Extra-pancreatic invasion induces lipolytic and fibrotic changes in the adipose microenvironment, with released fatty acids enhancing the invasiveness of pancreatic cancer cells

Takashi Okumura, Kenoki Ohuchida, Masafumi Sada, Toshiya Abe, Sho Endo, Kazuhiro Koikawa, Chika Iwamoto, Daisuke Miura, Yusuke Mizuuchi, Taiki Moriyama, Kohei Nakata, Yoshihiro Miyasaka, Tatsuya Manabe, Takao Ohtsuka, Eishi Nagai, Kazuhiro Mizumoto, Yoshinao Oda, Makoto Hashizume, Masafumi Nakamura

Research output: Contribution to journalArticle

17 Citations (Scopus)

Abstract

Pancreatic cancer progression involves components of the tumor microenvironment, including stellate cells, immune cells, endothelial cells, and the extracellular matrix. Although peripancreatic fat is the main stromal component involved in extra-pancreatic invasion, its roles in local invasion and metastasis of pancreatic cancer remain unclear. This study investigated the role of adipose tissue in pancreatic cancer progression using genetically engineered mice (Pdx1-Cre; LSLKrasG12D; Trp53R172H/+) and an in vitro model of organotypic fat invasion. Mice fed a high fat diet had significantly larger primary pancreatic tumors and a significantly higher rate of distant organ metastasis than mice fed a standard diet. In the organotypic fat invasion model, pancreatic cancer cell clusters were smaller and more elongated in shape and showed increased fibrosis. Adipose tissue-derived conditioned medium enhanced pancreatic cancer cell invasiveness and gemcitabine resistance, as well as inducing morphologic changes in cancer cells and increasing the numbers of lipid droplets in their cytoplasm. The concentrations of oleic, palmitoleic, and linoleic acids were higher in adipose tissue-derived conditioned medium than in normal medium, with these fatty acids significantly enhancing the migration of cancer cells. Mature adipocytes were smaller and the concentration of fatty acids in the medium higher when these cells were co-cultured with cancer cells. These findings indicate that lipolytic and fibrotic changes in peripancreatic adipose tissue enhance local invasiveness and metastasis via adipocyte-released fatty acids. Inhibition of fatty acid uptake by cancer cells may be a novel therapy targeting interactions between cancer and stromal cells.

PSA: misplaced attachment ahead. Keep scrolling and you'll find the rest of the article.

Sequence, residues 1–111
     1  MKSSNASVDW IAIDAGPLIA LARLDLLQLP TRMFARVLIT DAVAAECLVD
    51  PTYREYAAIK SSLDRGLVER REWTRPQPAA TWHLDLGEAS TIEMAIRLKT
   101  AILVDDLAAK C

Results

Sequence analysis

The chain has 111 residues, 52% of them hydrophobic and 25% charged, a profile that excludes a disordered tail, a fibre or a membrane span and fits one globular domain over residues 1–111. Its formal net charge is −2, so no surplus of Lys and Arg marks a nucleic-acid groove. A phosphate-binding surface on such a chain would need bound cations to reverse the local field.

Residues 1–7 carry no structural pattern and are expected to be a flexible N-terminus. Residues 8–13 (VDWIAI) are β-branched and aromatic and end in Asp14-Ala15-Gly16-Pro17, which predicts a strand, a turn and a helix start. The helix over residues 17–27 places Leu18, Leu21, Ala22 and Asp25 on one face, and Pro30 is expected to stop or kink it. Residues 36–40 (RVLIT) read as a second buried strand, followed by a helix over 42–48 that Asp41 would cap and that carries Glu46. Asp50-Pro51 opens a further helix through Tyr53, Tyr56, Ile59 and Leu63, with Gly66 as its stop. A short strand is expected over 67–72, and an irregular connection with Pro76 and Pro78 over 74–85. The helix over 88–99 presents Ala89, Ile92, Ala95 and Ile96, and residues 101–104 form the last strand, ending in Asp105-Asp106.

Original languageEnglish
Pages (from-to)18280-18295
Number of pages16
JournalOncotarget
Volume8
Issue number11
DOIs
Publication statusPublished - Jan 1 2017

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Pancreatic Neoplasms
Fatty Acids
Adipose Tissue
Neoplasms
Fats
Conditioned Culture Medium
gemcitabine
Neoplasm Metastasis
Adipocytes
Oleic Acids
Linoleic Acids
Tumor Microenvironment
High Fat Diet
Stromal Cells
Cell Movement
Extracellular Matrix
Cytoplasm
Fibrosis
Endothelial Cells
Cell Count

All Science Journal Classification (ASJC) codes

  • Oncology

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Extra-pancreatic invasion induces lipolytic and fibrotic changes in the adipose microenvironment, with released fatty acids enhancing the invasiveness of pancreatic cancer cells. / Okumura, Takashi; Ohuchida, Kenoki; Sada, Masafumi; Abe, Toshiya; Endo, Sho; Koikawa, Kazuhiro; Iwamoto, Chika; Miura, Daisuke; Mizuuchi, Yusuke; Moriyama, Taiki; Nakata, Kohei; Miyasaka, Yoshihiro; Manabe, Tatsuya; Ohtsuka, Takao; Nagai, Eishi; Mizumoto, Kazuhiro; Oda, Yoshinao; Hashizume, Makoto; Nakamura, Masafumi.

In: Oncotarget, Vol. 8, No. 11, 01.01.2017, p. 18280-18295.

Research output: Contribution to journalArticle

Okumura, Takashi ; Ohuchida, Kenoki ; Sada, Masafumi ; Abe, Toshiya ; Endo, Sho ; Koikawa, Kazuhiro ; Iwamoto, Chika ; Miura, Daisuke ; Mizuuchi, Yusuke ; Moriyama, Taiki ; Nakata, Kohei ; Miyasaka, Yoshihiro ; Manabe, Tatsuya ; Ohtsuka, Takao ; Nagai, Eishi ; Mizumoto, Kazuhiro ; Oda, Yoshinao ; Hashizume, Makoto ; Nakamura, Masafumi. / Extra-pancreatic invasion induces lipolytic and fibrotic changes in the adipose microenvironment, with released fatty acids enhancing the invasiveness of pancreatic cancer cells. In: Oncotarget. 2017 ; Vol. 8, No. 11. pp. 18280-18295.
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